The book . . . is an excellent resource to deal with the attack on evolution, which is a surrogate, and indeed a wedge, for a wide-ranging crusade against the scientific integrity of the public education system in America."--Rev. Barry W. Lynn from the Foreword
More than eighty years after the Scopes trial, creationism is alive and well. Through local school boards, sympathetic politicians, and well-funded organizations, a strong movement has developed to encourage the teaching of the latest incarnation of creationism—intelligent design—as a scientifically credible theory alongside evolution in science classes. Although intelligent design suffered a serious defeat in the recent Kitzmiller v. Dover trial, its proponents are bound to continue their assault on evolution education. Now, in Not in Our Classrooms, parents and teachers, as well as other concerned citizens, have a much-needed tool to use in the argument against teaching intelligent design as science.
Where did the concept of intelligent design originate? How does it connect with, and conflict with, various religious beliefs? Should we teach the controversy itself in our science classrooms? In clear and lively essays, a team of experts answers these questions and many more, describing the history of the intelligent design movement and the lack of scientific support for its claims. Most importantly, the contributors—authorities on the scientific, legal, educational, and theological problems of intelligent design-speak specifically to teachers and parents about the need to defend the integrity of science education by keeping intelligent design out of science curriculums. A concluding chapter offers concrete advice for those seeking to defend the teaching of evolution in their own communities.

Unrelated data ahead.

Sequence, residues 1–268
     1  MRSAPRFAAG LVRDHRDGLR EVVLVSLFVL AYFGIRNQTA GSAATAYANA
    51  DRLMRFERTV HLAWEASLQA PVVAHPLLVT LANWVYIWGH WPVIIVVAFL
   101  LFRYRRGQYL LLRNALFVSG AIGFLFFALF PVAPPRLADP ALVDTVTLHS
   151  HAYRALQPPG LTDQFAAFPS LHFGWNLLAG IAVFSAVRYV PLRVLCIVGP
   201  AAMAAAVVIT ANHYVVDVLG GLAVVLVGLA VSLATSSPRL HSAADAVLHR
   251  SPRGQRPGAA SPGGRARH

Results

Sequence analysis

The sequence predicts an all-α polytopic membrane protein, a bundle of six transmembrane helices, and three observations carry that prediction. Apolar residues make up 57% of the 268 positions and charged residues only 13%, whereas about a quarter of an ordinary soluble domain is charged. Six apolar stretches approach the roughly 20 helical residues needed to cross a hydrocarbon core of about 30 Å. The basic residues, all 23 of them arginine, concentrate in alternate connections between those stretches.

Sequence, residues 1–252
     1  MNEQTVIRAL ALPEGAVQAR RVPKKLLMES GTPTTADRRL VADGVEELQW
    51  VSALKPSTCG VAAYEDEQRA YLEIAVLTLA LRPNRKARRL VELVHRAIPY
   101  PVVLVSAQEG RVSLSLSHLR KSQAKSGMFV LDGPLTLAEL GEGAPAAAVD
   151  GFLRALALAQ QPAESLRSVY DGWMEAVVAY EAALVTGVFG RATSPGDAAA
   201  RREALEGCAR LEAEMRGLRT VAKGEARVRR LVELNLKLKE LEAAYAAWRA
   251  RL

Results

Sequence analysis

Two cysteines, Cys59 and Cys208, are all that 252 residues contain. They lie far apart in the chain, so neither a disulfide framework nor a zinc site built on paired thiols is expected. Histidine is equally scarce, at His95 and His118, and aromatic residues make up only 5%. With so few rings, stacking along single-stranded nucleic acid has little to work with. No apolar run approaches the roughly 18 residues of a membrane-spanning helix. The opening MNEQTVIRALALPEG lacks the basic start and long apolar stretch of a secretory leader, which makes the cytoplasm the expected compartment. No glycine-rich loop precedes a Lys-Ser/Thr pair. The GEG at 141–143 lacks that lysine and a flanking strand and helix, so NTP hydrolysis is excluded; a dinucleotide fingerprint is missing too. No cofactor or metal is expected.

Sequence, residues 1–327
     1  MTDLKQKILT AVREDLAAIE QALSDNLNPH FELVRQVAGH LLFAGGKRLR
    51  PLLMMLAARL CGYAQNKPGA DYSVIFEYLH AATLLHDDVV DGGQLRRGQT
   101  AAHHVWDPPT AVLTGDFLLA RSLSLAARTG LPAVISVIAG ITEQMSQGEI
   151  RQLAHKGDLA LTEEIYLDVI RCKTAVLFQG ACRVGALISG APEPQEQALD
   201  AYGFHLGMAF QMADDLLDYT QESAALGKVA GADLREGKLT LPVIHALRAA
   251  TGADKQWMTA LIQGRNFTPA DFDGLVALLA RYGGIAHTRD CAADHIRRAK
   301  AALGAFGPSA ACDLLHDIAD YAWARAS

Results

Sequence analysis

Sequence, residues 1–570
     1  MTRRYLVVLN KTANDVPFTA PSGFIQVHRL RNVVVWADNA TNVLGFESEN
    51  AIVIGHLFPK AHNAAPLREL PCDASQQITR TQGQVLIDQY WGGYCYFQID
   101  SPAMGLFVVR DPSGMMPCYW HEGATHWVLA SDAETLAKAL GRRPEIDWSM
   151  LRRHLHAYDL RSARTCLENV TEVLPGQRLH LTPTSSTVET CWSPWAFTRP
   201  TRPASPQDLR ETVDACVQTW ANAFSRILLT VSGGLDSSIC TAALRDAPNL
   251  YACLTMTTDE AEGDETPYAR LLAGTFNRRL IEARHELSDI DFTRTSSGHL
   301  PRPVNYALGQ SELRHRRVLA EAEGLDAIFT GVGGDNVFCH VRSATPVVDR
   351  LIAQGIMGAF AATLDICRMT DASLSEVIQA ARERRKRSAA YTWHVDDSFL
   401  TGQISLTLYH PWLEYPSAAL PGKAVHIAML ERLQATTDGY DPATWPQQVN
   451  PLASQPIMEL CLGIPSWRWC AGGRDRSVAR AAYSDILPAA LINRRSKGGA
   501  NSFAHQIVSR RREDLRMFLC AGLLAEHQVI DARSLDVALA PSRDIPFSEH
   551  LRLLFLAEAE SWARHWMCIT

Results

Not in Our Classrooms is essential reading for anyone concerned about defending the teaching of evolution, uncompromised by religiously motivated pseudoscience, in the classrooms of our public schools.
About the Author
Eugenie C. Scott is Executive Director of the National Center for Science Education. She has written extensively on the evolution-creationism controversy and is past president of the American Association of Physical Anthropologists. Niles Eldredge is Curator in the Division of Paleontology at the American Museum of Natural History in New York City.
Eugenie C. Scott and Glenn Branch are the executive director and the deputy director of the National Center for Science Education, a nonprofit organization in Oakland, California, that defends the teaching of evolution in the public schools. Scott's Evolution vs. Creationism: An Introduction was named an Outstanding Academic Title of 2005 by Choice.
Nye is currently working with scientists at NASA and several universities to design and build the first sundial to go to Mars.
The future of our species probably depends on science education and our understanding of the natural world. If you're concerned about science literacy, read this book. —Bill Nye the Science Guy®